In the Oracle "Primitive data types" page, it mentions that Java 8 adds support for unsigned ints and longs:

int: By default, the int data type is a 32-bit signed two's complement integer, which has a minimum value of −231 and a maximum value of 231−1. In Java SE 8 and later, you can use the int data type to represent an unsigned 32-bit integer, which has a minimum value of 0 and a maximum value of 232−1. Use the Integer class to use int data type as an unsigned integer. See the section The Number Classes for more information. Static methods like compareUnsigned, divideUnsigned etc have been added to the Integer class to support the arithmetic operations for unsigned integers.

long: The long data type is a 64-bit two's complement integer. The signed long has a minimum value of −263 and a maximum value of 263−1. In Java SE 8 and later, you can use the long data type to represent an unsigned 64-bit long, which has a minimum value of 0 and a maximum value of 264−1. Use this data type when you need a range of values wider than those provided by int. The Long class also contains methods like compareUnsigned, divideUnsigned etc to support arithmetic operations for unsigned long.

However, I find no way to declare an unsigned long or integer. The following code, for example, gives a compiler error message of "the literal is out of range" (I'm using Java 8, of course), when it should be in range (the value assigned is precisely 264−1):

public class Foo {
    static long values = 18446744073709551615L;
    public static void main(String[] args){

So, is there any way to declare an unsigned int or long?

  • 2
    What is returned in your Long.MAX_VALUE constant in java 8? Commented Aug 28, 2014 at 18:59
  • 22
    There is no unsigned integer or unsigned long type. If you use one of the new methods, that method will treat a 32-bit or 64-bit integer as though it were unsigned. But that's all. The variable's type will still be signed, and it's up to you to remember that you're using it as an unsigned number. They didn't add unsigned literals, but maybe they'll add them to Java 9 if enough people bug them. :)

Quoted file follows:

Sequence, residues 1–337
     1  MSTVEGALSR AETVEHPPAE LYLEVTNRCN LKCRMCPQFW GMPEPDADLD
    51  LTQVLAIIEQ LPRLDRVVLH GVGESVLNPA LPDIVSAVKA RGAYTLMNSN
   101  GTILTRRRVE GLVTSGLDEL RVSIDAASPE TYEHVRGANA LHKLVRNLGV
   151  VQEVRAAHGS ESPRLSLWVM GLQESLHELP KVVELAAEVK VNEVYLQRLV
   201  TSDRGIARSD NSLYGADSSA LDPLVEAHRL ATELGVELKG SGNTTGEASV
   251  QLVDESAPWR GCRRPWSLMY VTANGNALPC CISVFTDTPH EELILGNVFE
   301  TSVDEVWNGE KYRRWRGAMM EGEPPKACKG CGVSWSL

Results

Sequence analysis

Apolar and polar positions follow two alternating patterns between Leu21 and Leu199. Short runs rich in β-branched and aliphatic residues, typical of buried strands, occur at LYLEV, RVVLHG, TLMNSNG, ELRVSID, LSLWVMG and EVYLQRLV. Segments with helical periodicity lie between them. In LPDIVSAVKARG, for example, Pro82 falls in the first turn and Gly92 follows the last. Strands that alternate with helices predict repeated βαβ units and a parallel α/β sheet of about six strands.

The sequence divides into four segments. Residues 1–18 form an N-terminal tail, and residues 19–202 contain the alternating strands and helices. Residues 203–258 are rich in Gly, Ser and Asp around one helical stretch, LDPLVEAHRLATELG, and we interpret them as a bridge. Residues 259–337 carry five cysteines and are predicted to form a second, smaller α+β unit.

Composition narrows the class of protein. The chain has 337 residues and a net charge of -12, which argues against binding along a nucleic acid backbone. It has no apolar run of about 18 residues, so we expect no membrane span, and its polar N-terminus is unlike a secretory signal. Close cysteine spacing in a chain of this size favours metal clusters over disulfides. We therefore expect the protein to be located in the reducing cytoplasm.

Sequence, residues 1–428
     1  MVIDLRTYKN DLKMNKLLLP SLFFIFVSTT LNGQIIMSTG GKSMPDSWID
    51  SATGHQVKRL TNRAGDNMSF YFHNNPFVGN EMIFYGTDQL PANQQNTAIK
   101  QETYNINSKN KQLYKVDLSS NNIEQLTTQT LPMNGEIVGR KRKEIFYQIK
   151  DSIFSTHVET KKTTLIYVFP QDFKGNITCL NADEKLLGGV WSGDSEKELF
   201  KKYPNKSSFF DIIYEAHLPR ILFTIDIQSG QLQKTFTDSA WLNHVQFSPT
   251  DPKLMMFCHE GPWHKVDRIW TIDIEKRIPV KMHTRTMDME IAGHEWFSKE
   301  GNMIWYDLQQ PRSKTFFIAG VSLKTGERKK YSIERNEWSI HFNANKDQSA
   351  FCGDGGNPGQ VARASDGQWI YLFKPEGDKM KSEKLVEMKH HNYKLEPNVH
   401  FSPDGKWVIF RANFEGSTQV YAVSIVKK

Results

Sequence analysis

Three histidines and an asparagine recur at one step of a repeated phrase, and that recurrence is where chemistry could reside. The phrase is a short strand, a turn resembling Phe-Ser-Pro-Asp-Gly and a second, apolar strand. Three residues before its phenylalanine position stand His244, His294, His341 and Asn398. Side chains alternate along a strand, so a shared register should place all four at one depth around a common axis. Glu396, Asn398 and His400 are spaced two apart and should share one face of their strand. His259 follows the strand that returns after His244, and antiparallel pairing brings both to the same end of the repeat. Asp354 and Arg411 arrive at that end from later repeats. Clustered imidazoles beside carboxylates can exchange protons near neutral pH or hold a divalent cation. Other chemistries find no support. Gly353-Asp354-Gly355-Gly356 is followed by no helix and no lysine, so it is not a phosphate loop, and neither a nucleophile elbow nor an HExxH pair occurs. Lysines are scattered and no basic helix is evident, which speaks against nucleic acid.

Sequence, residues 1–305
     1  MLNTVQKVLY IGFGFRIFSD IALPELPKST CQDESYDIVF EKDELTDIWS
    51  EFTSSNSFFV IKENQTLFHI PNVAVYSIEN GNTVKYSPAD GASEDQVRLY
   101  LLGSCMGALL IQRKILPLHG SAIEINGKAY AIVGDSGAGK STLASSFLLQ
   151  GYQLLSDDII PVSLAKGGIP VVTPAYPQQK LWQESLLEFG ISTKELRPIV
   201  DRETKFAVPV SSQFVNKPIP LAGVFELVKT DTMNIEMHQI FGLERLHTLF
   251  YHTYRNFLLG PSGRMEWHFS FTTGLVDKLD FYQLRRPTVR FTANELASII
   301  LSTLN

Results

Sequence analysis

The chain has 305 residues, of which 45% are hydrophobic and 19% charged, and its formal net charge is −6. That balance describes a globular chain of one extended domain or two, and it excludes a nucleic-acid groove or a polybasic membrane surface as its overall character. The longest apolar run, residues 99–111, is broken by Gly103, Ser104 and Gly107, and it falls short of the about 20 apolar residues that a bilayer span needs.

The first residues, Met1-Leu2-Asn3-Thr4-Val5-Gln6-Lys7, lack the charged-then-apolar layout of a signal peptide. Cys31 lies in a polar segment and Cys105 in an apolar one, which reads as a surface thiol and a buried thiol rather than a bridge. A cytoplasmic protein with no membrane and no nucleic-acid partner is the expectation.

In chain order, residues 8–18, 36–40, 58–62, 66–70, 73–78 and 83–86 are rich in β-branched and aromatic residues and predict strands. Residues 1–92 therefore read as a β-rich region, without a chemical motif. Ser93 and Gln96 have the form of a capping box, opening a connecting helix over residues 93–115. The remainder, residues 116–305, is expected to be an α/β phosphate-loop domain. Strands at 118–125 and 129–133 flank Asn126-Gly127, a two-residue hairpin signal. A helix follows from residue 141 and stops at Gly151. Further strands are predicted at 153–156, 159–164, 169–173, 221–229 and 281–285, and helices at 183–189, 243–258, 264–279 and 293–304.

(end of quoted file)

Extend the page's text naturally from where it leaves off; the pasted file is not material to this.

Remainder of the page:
– ajb
    Commented Aug 28, 2014 at 19:00
  • 5
    They didn't really change anything, other than adding the new methods.
    – Hot Licks
    Commented Aug 28, 2014 at 19:08
  • 5
    As far as I can tell, all they did was add methods that can return unsigned values, but don't allow you to declare unsigned values. Kind of silly if you ask me, and a real pain. I wonder if one way would be to use the Integer.divideUnsigned, with one parameter being 1, the other being whatever number you want treated as unsigned. Would work as far as I can tell, but seems to be really silly way of doing things.
    – cluemein
    Commented Jan 26, 2016 at 18:17
  • @ajb how can I be of any assistance in the "bugging" process to finally see proper unsigned in Java? :)
    – Matthieu
    Commented Mar 4, 2019 at 20:57

5 Answers 5


Well, even in Java 8, long and int are still signed, only some methods treat them as if they were unsigned. If you want to write unsigned long literal like that, you can do

static long values = Long.parseUnsignedLong("18446744073709551615");

public static void main(String[] args) {
    System.out.println(values); // -1
    System.out.println(Long.toUnsignedString(values)); // 18446744073709551615
  • 5
    An observation I see with this is that the ordering is corrupted. If I were to get an unsigned long from some system (Twitter provides such IDs, by the way) and wanted to sort them, perhaps because I knew them to be chronological, then everything beyond Long.MAX_VALUE will actually show up before 0 as negative with Java's implementation :-(. Instead it appears one must also shift it down such that unsigned 0 maps to signed Long.MIN_VALUE. Commented Sep 9, 2016 at 3:37
  • 11
    @DavidSmiley Good point. To sort unsigned longs, use Long.compareUnsigned, or pass that method as a comparator to sort functions,
    – kajacx
    Commented Sep 9, 2016 at 8:02